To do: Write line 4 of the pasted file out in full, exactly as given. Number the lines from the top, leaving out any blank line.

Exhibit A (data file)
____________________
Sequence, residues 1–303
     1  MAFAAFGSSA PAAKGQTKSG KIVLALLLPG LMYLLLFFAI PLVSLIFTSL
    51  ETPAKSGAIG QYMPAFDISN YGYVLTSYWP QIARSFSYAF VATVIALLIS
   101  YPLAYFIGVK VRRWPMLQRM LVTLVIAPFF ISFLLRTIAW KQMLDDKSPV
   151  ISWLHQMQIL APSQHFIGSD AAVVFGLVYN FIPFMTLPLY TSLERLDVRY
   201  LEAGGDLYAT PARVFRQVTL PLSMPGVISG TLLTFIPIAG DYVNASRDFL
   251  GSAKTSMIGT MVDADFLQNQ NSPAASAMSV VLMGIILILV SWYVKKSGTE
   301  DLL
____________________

   101  YPLAYFIGVK VRRWPMLQRM LVTLVIAPFF ISFLLRTIAW KQMLDDKSPV